I've been trying to get caught up on my high school posts lately and haven't written much about working with my younger students. So, we're gonna jump all the way to the other end of the spectrum and talk PreK today! Most of the PreK Arts Standards are about playing with materials, sharing materials and tools, and engaging in self-directed art making. I saw my PreK classes for 40 minutes every other week. I usually showed something new for them to try like cutting papers for collage, mixing paint to create new colors, wax-resist, etc., for the first half of class and for the second half (most of them aren't developmentally ready to focus on one task for a full 40 minutes) I let them choose to draw or play with the blocks and toy animals I have in the room. (Here is another post about PreK art)
One of the lessons I taught that had a teacher-directed theme was self-portraits. We used 11x17 inch card stock for this project. In the first day we talked about what portraits are and that a self-portrait is a picture you make of yourself. We talked about the ways we all looked alike and different- we all have eyes, a nose, a mouth but some of us have glasses, freckles, different hair, different colored skin. I pointed out that the things that are different are really cool because they make us look like "us!" Our school district is not very diverse but there were actually some PreK students of different ethnicities so I wanted to start talking about it in a positive way.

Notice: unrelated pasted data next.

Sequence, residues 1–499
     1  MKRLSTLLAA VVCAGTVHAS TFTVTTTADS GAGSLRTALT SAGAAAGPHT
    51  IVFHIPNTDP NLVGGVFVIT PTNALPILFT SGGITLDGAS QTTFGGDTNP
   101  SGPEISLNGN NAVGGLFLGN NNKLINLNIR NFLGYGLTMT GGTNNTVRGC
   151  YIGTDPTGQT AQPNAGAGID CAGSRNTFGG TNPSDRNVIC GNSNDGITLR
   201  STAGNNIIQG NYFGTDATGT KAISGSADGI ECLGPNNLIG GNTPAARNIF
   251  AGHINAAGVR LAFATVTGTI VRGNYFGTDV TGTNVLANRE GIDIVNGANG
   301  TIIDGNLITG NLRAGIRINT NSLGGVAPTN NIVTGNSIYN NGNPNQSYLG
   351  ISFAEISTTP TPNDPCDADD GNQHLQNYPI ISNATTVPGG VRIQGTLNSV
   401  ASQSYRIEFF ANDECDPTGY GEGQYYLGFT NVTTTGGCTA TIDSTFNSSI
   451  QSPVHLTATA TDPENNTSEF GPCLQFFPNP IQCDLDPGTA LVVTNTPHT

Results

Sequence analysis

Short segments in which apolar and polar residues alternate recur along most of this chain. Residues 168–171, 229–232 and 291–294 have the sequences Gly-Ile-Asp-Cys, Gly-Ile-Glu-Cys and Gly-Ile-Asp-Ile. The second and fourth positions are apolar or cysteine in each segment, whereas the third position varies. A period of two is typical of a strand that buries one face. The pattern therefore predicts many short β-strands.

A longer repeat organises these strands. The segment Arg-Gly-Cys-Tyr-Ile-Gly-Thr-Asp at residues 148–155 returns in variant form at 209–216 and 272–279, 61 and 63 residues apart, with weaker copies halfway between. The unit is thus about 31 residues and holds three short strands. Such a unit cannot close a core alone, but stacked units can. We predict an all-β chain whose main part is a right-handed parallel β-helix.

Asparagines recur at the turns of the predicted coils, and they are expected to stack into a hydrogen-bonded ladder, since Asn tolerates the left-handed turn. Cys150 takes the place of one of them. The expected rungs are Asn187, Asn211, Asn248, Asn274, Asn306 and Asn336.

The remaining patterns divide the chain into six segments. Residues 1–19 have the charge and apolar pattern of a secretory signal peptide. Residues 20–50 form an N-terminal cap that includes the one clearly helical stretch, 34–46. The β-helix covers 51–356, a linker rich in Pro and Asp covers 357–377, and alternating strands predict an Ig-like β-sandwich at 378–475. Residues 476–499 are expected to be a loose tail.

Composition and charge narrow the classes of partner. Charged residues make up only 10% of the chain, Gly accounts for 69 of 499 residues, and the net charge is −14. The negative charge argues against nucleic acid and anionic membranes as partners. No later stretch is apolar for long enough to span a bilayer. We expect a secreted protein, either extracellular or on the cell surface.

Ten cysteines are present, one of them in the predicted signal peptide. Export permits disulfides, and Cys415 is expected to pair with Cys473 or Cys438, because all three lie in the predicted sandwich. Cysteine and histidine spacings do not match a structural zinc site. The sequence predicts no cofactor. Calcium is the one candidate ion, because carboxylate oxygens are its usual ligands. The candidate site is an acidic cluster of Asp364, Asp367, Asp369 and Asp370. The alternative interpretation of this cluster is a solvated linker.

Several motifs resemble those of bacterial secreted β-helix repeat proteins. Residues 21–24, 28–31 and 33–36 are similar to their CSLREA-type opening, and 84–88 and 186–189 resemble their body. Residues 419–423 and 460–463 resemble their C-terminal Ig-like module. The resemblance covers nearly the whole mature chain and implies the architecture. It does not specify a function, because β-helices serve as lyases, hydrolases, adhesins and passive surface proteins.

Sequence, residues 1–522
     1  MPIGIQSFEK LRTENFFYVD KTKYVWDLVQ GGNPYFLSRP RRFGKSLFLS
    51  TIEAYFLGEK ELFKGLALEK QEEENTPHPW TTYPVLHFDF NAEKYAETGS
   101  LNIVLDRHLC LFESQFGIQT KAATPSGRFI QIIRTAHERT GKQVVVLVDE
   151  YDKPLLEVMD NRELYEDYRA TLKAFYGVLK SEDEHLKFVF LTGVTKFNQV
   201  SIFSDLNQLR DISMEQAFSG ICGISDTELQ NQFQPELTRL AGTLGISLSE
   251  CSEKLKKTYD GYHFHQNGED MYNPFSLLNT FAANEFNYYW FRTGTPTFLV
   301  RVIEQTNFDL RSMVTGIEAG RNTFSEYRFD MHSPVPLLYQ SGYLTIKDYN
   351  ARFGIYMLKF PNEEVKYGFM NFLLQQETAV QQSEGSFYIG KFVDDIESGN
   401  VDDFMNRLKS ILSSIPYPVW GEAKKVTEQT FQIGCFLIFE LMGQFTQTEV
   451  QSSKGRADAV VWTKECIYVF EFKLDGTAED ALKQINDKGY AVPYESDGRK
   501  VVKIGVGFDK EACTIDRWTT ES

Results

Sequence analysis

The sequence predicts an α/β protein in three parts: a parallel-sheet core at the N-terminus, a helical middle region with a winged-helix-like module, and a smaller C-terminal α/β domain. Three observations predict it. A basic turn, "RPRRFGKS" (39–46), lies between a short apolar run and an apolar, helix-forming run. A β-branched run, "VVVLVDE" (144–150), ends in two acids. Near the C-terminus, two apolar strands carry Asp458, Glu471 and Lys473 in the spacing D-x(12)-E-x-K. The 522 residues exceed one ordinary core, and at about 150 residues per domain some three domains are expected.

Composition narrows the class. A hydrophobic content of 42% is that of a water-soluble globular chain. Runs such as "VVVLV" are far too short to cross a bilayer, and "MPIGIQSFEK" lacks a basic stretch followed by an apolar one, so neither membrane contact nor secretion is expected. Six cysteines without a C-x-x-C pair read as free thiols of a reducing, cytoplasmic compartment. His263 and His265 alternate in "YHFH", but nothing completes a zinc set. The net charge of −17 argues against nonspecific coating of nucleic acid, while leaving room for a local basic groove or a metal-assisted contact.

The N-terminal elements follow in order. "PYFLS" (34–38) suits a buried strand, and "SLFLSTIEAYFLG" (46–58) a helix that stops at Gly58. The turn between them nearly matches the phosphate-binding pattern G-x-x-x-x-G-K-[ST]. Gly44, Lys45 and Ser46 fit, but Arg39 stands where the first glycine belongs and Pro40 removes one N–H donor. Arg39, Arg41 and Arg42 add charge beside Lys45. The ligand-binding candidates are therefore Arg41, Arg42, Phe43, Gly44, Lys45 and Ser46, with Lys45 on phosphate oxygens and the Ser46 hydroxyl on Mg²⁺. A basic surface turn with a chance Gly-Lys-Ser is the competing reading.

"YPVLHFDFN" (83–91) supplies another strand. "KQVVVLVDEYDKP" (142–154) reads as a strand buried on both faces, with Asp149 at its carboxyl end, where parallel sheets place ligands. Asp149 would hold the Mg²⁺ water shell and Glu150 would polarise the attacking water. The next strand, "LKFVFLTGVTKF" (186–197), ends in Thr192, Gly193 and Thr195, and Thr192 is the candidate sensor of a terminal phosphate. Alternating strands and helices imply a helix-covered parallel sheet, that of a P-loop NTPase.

I asked the students how they thought we could mix color that would look like skin. The students guessed some colors and then I showed them how I usually start with brown, white, yellow, and red but use different amounts of each based on who I'm painting. I squirted the colors out on trays and students worked together to mix a color that they thought would match each students' skin. Next, we talked about how to take good care of our paint brushes and about what shapes they might use to paint a head and neck. After the students painted their heads and necks, we put the papers up to dry.
In the next class period, I had a bunch of different supplies that students could use to add features to their self-portraits. Students were most excited about crayons and collage. My preschoolers LOVE collage. I love how the students all finished their portraits differently and how their personalities and understanding of self is communicated.